A Fun 'Night'
"Fright Night" Anton Yelchin, Colin Farrell, David Tennant Directed by Craig Gillespie
Thanks to movies like "Twilight" and TV shows like "True Blood," vampires are all the rage these days. Then again, they always have been, but one beloved film that fans always seem to go back to is the original "Fright Night" from 1985.
That's because the cult classic had a revisionist tongue-in-cheek attitude that made it refreshing, since it was clever and funny while still fitting the bill as an outstanding horror movie.
In the film, which was written and directed by Tom Holland, William Ragsdale played a horror buff who was firmly convinced that his charming new next-door neighbor, played by Chris Sarandon, was in fact a blood-sucking creature of the night. No one believed him, so he had to convince a washed-up B-movie "vampire killer" named Peter Vincent (played by the great Roddy McDowell) to help him drive a stake through his heart.
Though the remake doesn't feel as fresh as the original film, it's still just as entertaining, but for different reasons. Written by Marti Noxon (TV's "Buffy the Vampire Slayer") and directed by Craig Gillespie ("Lars and the Real Girl"), "Fright Night" retains the balance of humor and suspense that defined the 1985 version, but it does so with 3-D effects that are (for once) worth the price of admission, since they replicate the same in-your-face thrills that made the cheesy 3-D movies from yesteryear so much fun.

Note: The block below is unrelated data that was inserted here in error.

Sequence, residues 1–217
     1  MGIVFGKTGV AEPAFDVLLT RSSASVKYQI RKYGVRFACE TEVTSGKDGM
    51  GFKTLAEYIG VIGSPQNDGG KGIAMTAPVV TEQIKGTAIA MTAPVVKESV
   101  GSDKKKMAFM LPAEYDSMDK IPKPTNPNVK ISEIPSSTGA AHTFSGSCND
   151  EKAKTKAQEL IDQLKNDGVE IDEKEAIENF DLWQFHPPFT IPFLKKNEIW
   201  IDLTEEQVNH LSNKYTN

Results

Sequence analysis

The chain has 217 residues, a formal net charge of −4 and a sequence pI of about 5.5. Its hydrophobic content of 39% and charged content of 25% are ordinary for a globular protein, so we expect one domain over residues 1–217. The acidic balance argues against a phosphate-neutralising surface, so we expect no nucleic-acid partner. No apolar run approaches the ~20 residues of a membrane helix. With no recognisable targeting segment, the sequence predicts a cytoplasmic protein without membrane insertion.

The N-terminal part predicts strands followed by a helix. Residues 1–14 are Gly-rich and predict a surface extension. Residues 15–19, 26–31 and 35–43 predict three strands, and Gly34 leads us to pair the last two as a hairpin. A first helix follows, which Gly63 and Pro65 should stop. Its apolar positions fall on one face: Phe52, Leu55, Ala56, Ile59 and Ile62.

Instead of a small town in Iowa, the new "Fright Night" takes place in Las Vegas, where Peter Vincent passes his time as a jaded vampire expert and illusionist for a gaudy live stage show. David Tennant (TV's "Doctor Who") is hilarious and practically steals the movie as Vincent, since he plays him like a self-absorbed lush who - perhaps intentionally - bears a striking resemblance to Russell Brand.
Colin Farrell also seems to be having a blast as the sensual vampire next door, while Anton Yelchin gives a strong performance as his suspicious neighbor. The supporting cast members are also game for the fun, including Toni Collette ("The Sixth Sense") as Charlie's mother, Christopher Mintz-Plasse ("Superbad") as Charlie's best friend and Imogen Poots as Charlie's girlfriend (and the object of Farrell's affection).
From a structural standpoint, "Fright Night" has a slightly disjointed pace, and it doesn't build up the tension as well as the original film. But it's still a lot of fun, and it's brimming with confidence, so it works extremely well on its own terms. And if nothing else, "Fright Night" proves that when it comes to entertaining and worthy movies about vampires, there's still plenty of room left in the cinematic coffin.
Verdict: SEE IT!
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